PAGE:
A Derrick Pouliot giveaway at the blueline resulted in an Edmonton two-on-one that threatened to bury the Canucks, but Thatcher Demko stretched out to make a dazzling toe save on Leon Draisaitl. Vancouver lugged the puck back up the ice and Tyler Motte tipped the puck past Koskinen—but not the crossbar. The final frame looked poised for a firewagon finish, with the Canucks looking to make a two-goal comeback in the third period for a second consecutive game.

After the second TV timeout, Draisaitl sent Pettersson to the ice with a can-opener and went to the box for the Canucks’ fourth powerplay of the game. This time, the big boys came out right away and began firing away at Koskinen without success. Unfortunately, as the second unit came out, Vancouver was caught with too many men on the ice, negating their man advantage less than a minute in. The infraction appeared to be the result of Boeser neglecting to come off the ice.

Despite some confusion at the benches that caused an odd-man rush against Demko, the Oilers were unable to score during the brief powerplay that followed the stint of four-on-four, and the Canucks got back to the business of tying the game with five minutes remaining.

Travis Green pulled Demko later than he would have liked thanks to the Canucks’ inability to exit their zone. Vancouver went 6-4 with just over a minute remaining, but soon found themselves right back in their own end. Draisaitl hit the post on an attempt at the empty cage, giving the Canucks one last burst of hope—but Vancouver was unable to get a single shot on net with Demko on the bench, and the game remained untied.   


If there’s such a thing as a “must-win” game, this one probably qualified as a “can’t-lose.” The Canucks don’t have many games left against sub-.500 games, and the two points they could have earned against the Oilers were absolutely vital to their dwindling playoff hopes.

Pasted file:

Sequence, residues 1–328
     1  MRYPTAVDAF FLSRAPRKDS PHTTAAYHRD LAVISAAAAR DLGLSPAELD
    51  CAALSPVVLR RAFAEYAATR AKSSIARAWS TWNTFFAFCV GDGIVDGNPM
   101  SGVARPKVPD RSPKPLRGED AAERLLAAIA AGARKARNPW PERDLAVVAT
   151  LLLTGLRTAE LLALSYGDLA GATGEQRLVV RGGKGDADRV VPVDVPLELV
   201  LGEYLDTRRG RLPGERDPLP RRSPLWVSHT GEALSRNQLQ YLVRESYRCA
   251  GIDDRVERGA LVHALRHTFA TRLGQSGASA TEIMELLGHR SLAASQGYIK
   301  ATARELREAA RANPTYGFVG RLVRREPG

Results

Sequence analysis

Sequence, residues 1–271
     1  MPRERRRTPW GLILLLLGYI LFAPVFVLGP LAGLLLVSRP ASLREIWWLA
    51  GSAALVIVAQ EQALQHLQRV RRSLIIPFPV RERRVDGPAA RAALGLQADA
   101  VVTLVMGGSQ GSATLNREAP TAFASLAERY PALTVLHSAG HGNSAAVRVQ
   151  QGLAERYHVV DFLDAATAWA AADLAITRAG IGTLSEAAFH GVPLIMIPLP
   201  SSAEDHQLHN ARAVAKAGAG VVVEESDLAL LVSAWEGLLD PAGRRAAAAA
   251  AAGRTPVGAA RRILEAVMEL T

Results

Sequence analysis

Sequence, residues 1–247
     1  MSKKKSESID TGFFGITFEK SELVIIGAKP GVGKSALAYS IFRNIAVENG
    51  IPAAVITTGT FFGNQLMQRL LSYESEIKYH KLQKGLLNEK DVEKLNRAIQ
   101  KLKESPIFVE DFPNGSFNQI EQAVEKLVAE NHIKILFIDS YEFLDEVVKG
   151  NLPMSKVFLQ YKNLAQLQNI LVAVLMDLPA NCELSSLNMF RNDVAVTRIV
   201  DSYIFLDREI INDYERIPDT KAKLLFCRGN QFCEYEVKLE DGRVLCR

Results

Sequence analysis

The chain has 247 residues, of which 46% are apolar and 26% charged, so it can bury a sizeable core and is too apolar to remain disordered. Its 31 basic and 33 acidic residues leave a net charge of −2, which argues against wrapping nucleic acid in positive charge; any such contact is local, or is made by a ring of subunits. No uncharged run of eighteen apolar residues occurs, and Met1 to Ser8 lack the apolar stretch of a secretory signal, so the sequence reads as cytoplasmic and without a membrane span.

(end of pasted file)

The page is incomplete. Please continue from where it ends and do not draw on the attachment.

Sure, the Canucks made a valiant effort to come back—but they also put themselves in the position of being down 3-0 in the first place, and that’s simply not going to cut it if the squad wants to make it to the postseason.

With the loss—and with wins for the Minnesota Wild, Dallas Stars, and Arizona Coyotes tonight—the Canucks now sit nine points back of the last wildcard spot in the Western Conference with a scant 15 games remaining. The victory actually vaulted the Oilers—and the Blackhawks—past Vancouver in the standings, leaving the Canucks third from the bottom in the conference.

In other words, it was a big loss for the Canucks—and a big win for #TeamTank. 

Fancy Stats At A Glance


Gameflow from Canucks @ Edmonton March 7, 2019 (courtesy of naturalstattrick.com)

Heatmap from Canucks @ Edmonton March 7, 2019 (courtesy of naturalstattrick.com)

Top Performers 

Josh Leivo

Leivo led the team in shots with six, played nearly 20 minutes, and set one of the screens on Alex Edler’s goal. At times, he seemed like the only Canuck capable of driving any offense—and one of the few that consistently played like he knew it was an important game.

Nikolay Goldobin

Goldobin’s playmaking skills were on full display tonight—even if his teammates weren’t feeling up to finishing any of those plays. Goldobin routinely dished the puck to teammates in dangerous areas despite being bounced around a couple of lines. Goldobin’s ice-time of 16:28 was fifth most among forwards.

Alex Edler